As the year comes to an end, the biggest merger in wireless also comes to an end. In a statement issued today, AT&T confirmed that the T-Mobile merger was dead in the water.
The $39 billion deal between AT&T and Deutsche Telekom AG, the German owner of T-Mobile, announced back in March has met opposition from carriers and of late the FCC, but there was still hope that it might go through.
In a statement issued today, AT&T and T-Mobile have agreed to top pursuing the merger. It’s clear that AT&T is not happy with the deal based on their opening statement below.
The actions by the Federal Communications Commission and the Department of Justice to block this transaction do not change the realities of the U.S. wireless industry. It is one of the most fiercely competitive industries in the world, with a mounting need for more spectrum that has not diminished and must be addressed immediately. The AT&T and T-Mobile USA combination would have offered an interim solution to this spectrum shortage. In the absence of such steps, customers will be harmed and needed investment will be stifled.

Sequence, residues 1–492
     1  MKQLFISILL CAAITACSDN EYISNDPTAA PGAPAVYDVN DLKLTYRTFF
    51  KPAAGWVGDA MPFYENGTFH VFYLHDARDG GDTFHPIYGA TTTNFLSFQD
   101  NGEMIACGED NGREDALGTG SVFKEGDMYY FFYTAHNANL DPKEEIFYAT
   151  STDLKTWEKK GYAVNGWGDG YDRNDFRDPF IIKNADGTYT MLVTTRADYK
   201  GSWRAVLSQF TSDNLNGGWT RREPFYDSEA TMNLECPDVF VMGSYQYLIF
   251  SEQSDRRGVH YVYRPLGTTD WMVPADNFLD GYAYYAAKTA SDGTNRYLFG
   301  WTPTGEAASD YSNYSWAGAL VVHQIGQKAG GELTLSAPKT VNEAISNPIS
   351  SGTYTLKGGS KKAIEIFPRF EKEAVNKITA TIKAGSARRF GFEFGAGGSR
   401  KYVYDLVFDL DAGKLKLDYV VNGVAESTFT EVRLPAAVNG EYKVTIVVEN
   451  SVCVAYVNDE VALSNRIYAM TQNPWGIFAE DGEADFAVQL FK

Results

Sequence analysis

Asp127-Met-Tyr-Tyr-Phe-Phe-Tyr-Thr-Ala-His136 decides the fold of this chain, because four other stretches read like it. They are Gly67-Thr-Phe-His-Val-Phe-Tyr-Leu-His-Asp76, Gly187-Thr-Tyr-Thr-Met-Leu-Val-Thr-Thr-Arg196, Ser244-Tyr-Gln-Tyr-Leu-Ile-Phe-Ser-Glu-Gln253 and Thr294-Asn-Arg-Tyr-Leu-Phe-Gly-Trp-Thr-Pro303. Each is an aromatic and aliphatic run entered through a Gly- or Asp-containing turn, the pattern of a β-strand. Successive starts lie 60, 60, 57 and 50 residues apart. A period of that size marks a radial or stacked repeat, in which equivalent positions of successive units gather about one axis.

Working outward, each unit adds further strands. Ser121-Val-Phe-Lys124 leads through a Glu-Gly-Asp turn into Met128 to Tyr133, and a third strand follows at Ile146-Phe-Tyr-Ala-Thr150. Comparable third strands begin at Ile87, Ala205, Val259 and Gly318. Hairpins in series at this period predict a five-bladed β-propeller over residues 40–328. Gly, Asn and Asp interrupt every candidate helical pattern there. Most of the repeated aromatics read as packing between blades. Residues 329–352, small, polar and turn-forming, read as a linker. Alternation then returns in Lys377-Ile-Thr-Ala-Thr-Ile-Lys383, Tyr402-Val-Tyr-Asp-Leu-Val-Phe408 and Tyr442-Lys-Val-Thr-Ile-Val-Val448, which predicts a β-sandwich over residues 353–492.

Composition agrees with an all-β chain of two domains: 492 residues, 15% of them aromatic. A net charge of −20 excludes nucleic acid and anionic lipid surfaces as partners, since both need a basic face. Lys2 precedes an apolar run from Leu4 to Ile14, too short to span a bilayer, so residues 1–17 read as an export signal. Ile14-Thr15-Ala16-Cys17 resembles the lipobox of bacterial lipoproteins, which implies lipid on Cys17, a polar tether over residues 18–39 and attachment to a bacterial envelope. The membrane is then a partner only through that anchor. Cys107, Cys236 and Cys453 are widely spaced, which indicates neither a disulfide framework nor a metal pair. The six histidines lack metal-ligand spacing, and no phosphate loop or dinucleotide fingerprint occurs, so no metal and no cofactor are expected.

AT&T had planned to use this acquisition to bolster the reach of the company and build out the wireless spectrum, which it claimed would benefit consumers — as shown in the commercial below.
The broken deal means that AT&T will need to pay Deutsche Telekom AG $4 billion yet this year. AT&T also announced that the company would agree to a “beneficial roaming agreement” with T-Mobile and Deutsche Telekom AG.
This isn’t the end of the road for these two companies. AT&T chairman and CEO Randall Stephenson provided the following statement regarding the failed T-Mobile purchase.
To meet the needs of our customers, we will continue to invest,” Stephenson said. “However, adding capacity to meet these needs will require policymakers to do two things. First, in the near term, they should allow the free markets to work so that additional spectrum is available to meet the immediate needs of the U.S. wireless industry, including expeditiously approving our acquisition of unused Qualcomm spectrum currently pending before the FCC. Second, policymakers should enact legislation to meet our nation’s longer-term spectrum needs.
T-Mobile is also being courted by another potential buyer. Dish Network has expressed interest in purchasing T-Mobile. According to Reuters, Dish has spent $3 billion on the wireless spectrum, and is in need of a partner to handle the voice end of things as the company looks to expand past satellite TV.
AT&T stock is down .63% after hours. Deutsche Telekom AG is down 1.97% after hours. Dish is down 2.48% after hours.
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